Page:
Laura Grace Godwin

Dr. Grace Godwin is assistant professor of theater at Christopher Newport, and specializes in early modern plays in 20th- and 21st-century performance. She has presented at the Marlowe Society of America, Shakespeare Society of America and SCAENA international conferences, and regularly publishes scholarly theatrical reviews in journals, including Cahiers Élisabéthans, Theatre Journal and The Shakespeare Bulletin. She is currently at work on studies of productions of plays by Christopher Marlowe at the Royal Shakespeare Company and a critical history of the Swan Theatre.

Godwin teaches regularly in London for Midwestern State University’s British Studies Program, and frequently supports TheaterCNU productions, including “The Duchess of Malfi,” “Mary Stuart,” and “Pericles.” She is currently working on a new text-movement piece titled “My Case is Altered” with a team of internationally renowned theater practitioners. She holds a PhD from the University of Illinois and a postgraduate diploma in Shakespeare studies from the Shakespeare Institute in Stratford-upon-Avon, England.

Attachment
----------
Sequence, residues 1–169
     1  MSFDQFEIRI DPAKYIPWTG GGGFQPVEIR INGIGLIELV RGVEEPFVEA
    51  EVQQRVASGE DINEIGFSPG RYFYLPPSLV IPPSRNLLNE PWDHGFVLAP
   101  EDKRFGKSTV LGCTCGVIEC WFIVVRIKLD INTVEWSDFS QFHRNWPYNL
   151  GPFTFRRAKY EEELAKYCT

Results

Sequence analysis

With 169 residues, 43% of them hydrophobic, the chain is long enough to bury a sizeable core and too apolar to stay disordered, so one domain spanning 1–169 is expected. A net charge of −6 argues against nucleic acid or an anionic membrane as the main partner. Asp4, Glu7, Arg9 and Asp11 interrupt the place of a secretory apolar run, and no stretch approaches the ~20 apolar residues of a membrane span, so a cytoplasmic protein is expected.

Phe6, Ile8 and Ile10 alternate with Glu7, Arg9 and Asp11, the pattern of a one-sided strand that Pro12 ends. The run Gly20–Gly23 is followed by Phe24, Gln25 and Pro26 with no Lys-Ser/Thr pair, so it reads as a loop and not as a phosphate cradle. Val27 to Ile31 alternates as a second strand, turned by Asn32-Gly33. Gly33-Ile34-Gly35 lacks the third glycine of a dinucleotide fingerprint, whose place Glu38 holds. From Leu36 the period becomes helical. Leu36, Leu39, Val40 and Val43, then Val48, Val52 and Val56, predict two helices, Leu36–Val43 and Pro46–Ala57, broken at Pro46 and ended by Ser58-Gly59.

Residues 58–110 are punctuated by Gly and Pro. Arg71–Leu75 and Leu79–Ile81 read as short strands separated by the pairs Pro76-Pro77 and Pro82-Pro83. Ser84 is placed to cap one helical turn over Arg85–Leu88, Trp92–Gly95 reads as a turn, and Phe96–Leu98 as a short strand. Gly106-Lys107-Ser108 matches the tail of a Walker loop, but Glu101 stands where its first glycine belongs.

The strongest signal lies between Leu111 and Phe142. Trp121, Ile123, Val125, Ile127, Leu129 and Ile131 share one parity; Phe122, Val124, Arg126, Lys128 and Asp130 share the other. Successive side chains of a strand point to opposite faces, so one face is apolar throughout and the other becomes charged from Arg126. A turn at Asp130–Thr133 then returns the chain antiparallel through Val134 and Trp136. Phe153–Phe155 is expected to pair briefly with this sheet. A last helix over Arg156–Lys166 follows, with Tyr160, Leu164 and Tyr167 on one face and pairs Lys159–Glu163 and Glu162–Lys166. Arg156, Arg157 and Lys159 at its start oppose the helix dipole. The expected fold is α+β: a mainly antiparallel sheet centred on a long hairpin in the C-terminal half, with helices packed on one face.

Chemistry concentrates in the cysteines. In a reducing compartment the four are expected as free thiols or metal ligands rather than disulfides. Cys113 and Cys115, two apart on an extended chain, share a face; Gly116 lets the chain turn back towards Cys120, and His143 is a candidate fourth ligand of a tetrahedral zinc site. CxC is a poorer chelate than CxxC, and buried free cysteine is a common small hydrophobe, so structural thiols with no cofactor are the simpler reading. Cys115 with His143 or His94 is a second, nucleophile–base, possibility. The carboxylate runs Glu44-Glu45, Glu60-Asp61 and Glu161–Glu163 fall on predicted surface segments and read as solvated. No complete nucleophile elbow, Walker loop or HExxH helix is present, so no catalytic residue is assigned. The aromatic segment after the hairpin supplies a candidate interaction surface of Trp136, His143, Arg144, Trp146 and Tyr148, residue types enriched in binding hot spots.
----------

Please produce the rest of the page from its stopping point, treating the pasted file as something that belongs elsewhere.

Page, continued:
Sharon M. Rowley

Dr. Sharon Rowley is professor of English and director of medieval and Renaissance studies at CNU. She specializes in Old and Middle English language and literature, manuscript studies and Shakespeare. Her book on the Old English version of Bede’s Historia ecclesiastica, is the first full-length study of one of the most important works of prose to survive from Anglo-Saxon England. She has also published many articles on Bede’s ecclesiastical history and the Old English version of it, as well as on Old English prose, Sir Gawain and the Green Knight, Middle English Breton lays, Old English homilies and otherworldly visions. Her essay “Bede and the Northern Kingdoms,” appears in the Cambridge History of Early Medieval English Literature.